Once again someone from the national media cannot resist the adjective "gritty" when saying the word "Southside." Anthony Bourdain braved our mean streets in a rented caddie for last week's episode of No Reservations. Apparently he made is back North with all his hubcaps in tact. But nobody told him he was parked in the dead guy's spot.
On the episode he visited Calumet Fisheries. I wrote about this place back in November, and last Saturday I had the chance to spend most of the day there taking pictures, talking to the people who work there and observing first hand the power of cable TV.
"I have no idea how they picked us, but this is great." That's Mark Kotlick, one of the owners of Calumet Fisheries. He spent the day gladly talking to inquisitive new customers, discussing the history of the place and showing off the fish that are smoked right outside. "We smoked a week's worth of fish and we might run out today."
Thank you Tony.
Oh yeah about the dead guy: The manager, Carlos, (who has worked there on and off since 1995, and has a Culinary Certificate from CHIC) told me his story: "I come in one morning and there's a car parked out front, there's usually no cars here, and I notice there's a guy in there. Sleeping. After a few minutes I decide it's time for him to move along and I tap on the window. Nothing. I beat on the window, and I yell and still nothing. Now I'm starting to get a bad feeling. I call 911. A cop shows up, I don't know his name but I recognize him, he opens the door, put his fingers on the guy's neck, then closes the door. The cop says "Yep he's dead. You got any smoked chubs?"
To the guys at Calumet, thanks for letting me spend the day with you, I'll get the photos to you soon.
A different kind of Southside, Pilsen.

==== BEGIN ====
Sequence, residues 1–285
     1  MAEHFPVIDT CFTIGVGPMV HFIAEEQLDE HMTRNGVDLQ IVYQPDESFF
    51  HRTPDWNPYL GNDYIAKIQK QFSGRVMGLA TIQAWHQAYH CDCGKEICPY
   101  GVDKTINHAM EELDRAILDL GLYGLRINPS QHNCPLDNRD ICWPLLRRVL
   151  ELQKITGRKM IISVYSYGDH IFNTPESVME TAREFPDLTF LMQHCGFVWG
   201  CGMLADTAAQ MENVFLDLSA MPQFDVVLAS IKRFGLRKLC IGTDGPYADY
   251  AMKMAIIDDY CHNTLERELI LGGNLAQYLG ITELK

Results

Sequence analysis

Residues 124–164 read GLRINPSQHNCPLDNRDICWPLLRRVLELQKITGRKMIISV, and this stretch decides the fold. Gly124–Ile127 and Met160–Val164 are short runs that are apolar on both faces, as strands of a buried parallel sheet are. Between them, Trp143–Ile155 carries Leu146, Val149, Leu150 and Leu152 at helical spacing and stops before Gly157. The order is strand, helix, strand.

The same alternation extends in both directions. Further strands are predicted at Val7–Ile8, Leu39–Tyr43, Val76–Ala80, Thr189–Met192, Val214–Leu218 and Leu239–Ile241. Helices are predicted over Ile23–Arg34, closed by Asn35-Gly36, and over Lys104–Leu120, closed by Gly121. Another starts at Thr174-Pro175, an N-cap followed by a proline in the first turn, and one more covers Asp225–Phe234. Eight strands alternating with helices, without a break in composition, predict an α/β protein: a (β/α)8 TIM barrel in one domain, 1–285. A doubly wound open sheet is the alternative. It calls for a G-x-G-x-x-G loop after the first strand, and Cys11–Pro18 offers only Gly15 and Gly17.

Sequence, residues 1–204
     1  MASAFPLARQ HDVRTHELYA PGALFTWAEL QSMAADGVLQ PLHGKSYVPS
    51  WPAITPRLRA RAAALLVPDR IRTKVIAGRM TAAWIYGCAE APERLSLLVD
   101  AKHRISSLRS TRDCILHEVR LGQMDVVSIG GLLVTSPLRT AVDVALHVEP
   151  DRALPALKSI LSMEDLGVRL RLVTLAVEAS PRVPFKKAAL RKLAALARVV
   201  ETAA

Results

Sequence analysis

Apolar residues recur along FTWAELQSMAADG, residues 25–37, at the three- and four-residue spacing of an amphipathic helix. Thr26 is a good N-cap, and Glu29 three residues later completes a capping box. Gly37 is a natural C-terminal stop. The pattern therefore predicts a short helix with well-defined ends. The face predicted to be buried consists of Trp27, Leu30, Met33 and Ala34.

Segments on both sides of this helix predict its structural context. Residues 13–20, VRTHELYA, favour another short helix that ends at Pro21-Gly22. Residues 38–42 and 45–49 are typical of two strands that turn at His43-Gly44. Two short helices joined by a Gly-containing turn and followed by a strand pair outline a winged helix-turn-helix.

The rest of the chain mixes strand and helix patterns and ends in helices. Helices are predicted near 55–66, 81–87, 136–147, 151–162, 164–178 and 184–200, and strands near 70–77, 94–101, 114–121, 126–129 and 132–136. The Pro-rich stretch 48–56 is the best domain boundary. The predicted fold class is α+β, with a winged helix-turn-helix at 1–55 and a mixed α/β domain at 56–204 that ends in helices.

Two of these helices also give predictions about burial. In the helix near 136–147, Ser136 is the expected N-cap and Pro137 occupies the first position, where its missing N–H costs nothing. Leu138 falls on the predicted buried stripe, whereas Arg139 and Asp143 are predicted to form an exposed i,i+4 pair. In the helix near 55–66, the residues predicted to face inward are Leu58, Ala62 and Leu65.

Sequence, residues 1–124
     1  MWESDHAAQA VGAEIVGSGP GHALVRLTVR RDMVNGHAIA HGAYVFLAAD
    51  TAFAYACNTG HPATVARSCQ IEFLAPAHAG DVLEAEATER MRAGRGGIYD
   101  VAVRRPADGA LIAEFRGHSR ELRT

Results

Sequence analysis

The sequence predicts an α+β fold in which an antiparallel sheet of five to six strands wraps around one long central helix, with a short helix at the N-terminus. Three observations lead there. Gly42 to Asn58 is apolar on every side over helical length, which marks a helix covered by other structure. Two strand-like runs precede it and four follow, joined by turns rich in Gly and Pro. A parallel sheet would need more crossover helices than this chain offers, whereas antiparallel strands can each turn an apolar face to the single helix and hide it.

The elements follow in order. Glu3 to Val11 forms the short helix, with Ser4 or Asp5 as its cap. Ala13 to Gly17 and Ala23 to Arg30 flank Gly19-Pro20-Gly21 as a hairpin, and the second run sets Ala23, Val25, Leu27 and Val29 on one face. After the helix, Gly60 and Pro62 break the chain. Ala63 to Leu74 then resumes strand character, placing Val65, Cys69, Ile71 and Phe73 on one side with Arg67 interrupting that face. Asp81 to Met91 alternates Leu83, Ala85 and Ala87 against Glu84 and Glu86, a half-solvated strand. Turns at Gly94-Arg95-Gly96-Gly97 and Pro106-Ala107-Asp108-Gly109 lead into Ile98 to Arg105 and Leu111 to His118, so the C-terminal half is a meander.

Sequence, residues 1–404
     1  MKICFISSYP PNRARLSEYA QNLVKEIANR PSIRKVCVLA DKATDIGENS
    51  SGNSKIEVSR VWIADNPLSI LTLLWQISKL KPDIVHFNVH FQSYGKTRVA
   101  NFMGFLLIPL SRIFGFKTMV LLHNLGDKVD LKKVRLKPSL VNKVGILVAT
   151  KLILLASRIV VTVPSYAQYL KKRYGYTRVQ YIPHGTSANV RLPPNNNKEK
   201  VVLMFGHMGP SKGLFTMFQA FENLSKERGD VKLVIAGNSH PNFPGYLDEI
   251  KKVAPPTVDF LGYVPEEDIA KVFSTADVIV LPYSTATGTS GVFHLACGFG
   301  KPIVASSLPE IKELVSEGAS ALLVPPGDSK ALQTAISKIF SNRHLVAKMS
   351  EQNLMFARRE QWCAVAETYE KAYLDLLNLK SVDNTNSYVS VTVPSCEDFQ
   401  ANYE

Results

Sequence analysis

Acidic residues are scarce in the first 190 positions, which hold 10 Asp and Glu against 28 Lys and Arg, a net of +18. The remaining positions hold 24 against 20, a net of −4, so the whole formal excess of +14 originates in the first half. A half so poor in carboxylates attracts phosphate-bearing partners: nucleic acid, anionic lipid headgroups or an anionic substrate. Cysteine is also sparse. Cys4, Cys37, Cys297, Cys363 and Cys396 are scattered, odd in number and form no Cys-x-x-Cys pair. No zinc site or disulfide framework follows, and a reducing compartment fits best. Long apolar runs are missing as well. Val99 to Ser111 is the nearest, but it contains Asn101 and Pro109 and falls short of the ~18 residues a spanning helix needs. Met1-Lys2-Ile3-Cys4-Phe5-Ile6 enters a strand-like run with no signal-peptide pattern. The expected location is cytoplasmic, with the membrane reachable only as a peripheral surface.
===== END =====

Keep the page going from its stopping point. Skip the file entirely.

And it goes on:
If Tony had been a really lucky travelling TV personality, he would have ended up where I was on Sunday, Pilsen. This quarter at Kendall I have Cuisine of Mexico class, and Chef took us on a field trip.
We visited World Wide Produce at the Chicago International Produce Market Then we went to Cermak Produce Which is a beautiful store, not gritty at all.
Then Chef led us to El Milagro for fresh masa. We all got a turn feeding the masa machine.
Masa is used for making corn tortillas or tamales. El Milagro also offeres Chicharrones, chips and tortillas, It(1923 S Blue Island Ave, Chicago) was a fun stop.
But what Tony really missed out on was Carnerceria Don Pedro. As the name implies, they sell carnitas either to eat in or to go.
You don't really need a menu because all they serve is carnitas, or if you are not feeling porcine, barbacoa of goat.
We were served family style with sides chicharrones and jalapenoes escabeche. Chef showed us the proper taco: Some carnitas, crushed chicharrones, onion, cilantro, a squirt of sauce and a squeeze of lime. After lunch Don Pedro showed us the kitchen.
We saw huge kettles where they cook the pork in lard. That right, carnitas are pork confit. Recently I have been reading a lot about chefs getting whole hogs and breaking them down themselves, and making a menu of "nose to tail" dishes. Don Pedro said he goes though fifty whole hogs in a weekend.
He also makes head cheese and long ropes of sausage. It's nose to tail eating on the cheap. The business there is swift on the weekends with the carryout crowd jamming the front of the room, A man in behind the counter chops at the carnitas in a digit removing fashion, and packs to go orders by the pound. There are maybe ten tables for eating in. And don't show up late, at least not on Sunday. We got there at 1:15 and we got the last of the barbacoa, and they were down to their last tray of carnitas.
Carnerceria Don Pedro
1113 W 18th ST
Small parking lot just west of the building.
So come visit the Southside. We got more than just grit.